CWA Claims

The Clean Water Act claims were settled in February, 2000, with a District Court Consent Order. In that settlement Mount Hood Meadows agreed to undertake some wetland restoration to help compensate for their past destructive activities and to be bound to a more rigorous process for determining wetland impacts before conducting any further construction activities.

Wetland restoration has begun near the base of the Blue chairlift, and Meadows is working with an alpine wetland specialist to restore the the wetland between the lower terminals of the Blue and Mt. Hood Express chairlifts. This is an area where the original wetland was destroyed by fill material and the placement of streams in culverts when the lifts were constructed.

The CWA settlement also required Meadows to install stormwater control systems at the Main and Hood River Meadows parking lots. The purpose of these systems is to reduce the impacts on nearby streams and wetlands from siltation, gravel accumulation, and petroleum contamination due to snow removal and water run-off from the parking lots.

NEPA Claims

Prior to approving a new conceptual Master Plan in 1997, the Forest Service conducted and published a study of the environmental impacts of five plan alternatives in a Draft Environmental Impact Statement document and accepted public comments on the alternatives. This process was done to satisfy NEPA requirements. During the public comment period, Friends of Mount Hood proposed that the Forest Service consider an alternative plan that would rely on off-mountain parking with shuttle bus transportation to the ski area instead of constructing additional parking lots at the ski area. Prior construction of on-site parking lots had resulted in extensive environmental damage to riparian areas and wetlands.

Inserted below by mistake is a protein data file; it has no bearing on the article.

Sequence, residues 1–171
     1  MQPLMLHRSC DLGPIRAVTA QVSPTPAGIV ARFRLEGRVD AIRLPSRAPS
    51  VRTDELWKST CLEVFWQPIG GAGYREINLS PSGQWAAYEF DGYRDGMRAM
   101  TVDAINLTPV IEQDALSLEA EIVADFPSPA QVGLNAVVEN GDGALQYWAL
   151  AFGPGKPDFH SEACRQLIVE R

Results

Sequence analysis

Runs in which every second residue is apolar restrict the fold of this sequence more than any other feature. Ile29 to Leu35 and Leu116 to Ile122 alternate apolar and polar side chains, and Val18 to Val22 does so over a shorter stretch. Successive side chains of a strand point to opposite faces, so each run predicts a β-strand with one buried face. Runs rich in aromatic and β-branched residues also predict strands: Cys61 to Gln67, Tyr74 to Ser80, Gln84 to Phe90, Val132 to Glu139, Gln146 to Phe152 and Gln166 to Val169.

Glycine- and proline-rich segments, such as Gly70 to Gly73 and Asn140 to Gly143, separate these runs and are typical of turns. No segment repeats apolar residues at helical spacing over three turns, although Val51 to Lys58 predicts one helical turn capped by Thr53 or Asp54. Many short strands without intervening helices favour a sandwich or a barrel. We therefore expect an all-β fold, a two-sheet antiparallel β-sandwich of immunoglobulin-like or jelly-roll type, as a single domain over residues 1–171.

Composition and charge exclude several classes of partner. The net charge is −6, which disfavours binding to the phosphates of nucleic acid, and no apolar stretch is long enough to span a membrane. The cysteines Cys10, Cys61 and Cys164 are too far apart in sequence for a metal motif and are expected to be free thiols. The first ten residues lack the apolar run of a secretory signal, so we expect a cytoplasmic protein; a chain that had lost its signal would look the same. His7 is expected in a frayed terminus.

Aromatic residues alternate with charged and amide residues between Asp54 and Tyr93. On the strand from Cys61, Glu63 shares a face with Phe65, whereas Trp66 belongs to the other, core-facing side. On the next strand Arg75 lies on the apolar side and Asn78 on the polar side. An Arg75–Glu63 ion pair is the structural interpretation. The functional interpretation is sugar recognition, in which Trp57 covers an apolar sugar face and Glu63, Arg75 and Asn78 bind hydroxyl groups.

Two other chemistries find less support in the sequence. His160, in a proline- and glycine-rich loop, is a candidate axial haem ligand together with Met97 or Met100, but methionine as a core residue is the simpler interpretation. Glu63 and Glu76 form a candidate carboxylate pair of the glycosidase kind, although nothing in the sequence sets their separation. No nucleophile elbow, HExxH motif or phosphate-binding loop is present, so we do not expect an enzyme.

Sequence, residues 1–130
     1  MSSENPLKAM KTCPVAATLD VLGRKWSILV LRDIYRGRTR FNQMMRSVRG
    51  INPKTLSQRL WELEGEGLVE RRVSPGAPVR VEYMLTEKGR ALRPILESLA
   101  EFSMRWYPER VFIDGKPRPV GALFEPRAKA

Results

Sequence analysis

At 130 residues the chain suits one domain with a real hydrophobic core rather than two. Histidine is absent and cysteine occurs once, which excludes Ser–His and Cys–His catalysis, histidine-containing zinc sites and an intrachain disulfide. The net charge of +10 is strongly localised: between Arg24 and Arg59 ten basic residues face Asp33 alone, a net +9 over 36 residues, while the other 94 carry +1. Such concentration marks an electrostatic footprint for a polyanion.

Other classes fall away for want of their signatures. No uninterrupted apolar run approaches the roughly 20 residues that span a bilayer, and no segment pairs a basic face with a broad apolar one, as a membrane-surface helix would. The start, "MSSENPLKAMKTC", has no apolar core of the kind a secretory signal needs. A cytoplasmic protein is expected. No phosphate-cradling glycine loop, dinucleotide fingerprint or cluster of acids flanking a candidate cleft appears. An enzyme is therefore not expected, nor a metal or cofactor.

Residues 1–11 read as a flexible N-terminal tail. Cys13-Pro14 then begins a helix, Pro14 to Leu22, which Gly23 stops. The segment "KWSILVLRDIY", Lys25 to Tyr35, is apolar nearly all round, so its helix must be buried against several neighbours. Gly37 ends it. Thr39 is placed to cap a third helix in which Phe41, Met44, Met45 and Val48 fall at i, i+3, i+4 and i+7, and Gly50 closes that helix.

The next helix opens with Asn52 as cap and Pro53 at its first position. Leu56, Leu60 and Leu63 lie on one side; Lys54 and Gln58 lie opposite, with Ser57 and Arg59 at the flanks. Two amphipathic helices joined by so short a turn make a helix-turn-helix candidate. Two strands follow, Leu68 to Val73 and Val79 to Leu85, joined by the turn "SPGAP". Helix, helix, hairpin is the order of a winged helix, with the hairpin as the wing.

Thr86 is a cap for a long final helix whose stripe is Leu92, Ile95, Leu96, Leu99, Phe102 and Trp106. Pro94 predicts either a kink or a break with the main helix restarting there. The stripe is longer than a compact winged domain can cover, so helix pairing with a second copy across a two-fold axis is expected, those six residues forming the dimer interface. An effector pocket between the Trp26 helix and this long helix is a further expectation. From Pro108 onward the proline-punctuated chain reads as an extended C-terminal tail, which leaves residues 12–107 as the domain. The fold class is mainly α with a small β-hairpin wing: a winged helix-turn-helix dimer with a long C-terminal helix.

In the final Environmental Impact Statement (EIS) released in December, 1996, each of the alternatives presented for study included an increase in on-site parking at the ski area. The Master Plan approved by the Forest Service in January, 1997, contained conceptual approval for up to 8 acres of additional on-site parking, an increase of more than 35% in existing parking at the ski area.

On December 15, 2000, the District Court found the plaintiffs’ alternative that would rely on off-mountain parking was a viable but unexamined alternative that should have been included for study in the EIS in order to allow for a reasoned decision by the Forest Service in issuing a new master plan.

In the spring of 2001, the District Court entered a Permanent Injunction prohibiting the Forest Service and Mt. Hood Meadows from proceeding with any project at the ski area that has a direct material effect on parking facilities or that increases the presently approved parking load. Also, the Court directed the Forest Service to prepare a Supplemental Information Report (SIR) to address the plaintiffs’ alternative. In all other respects, the District Court approved the implementation of the 1997 Master Plan.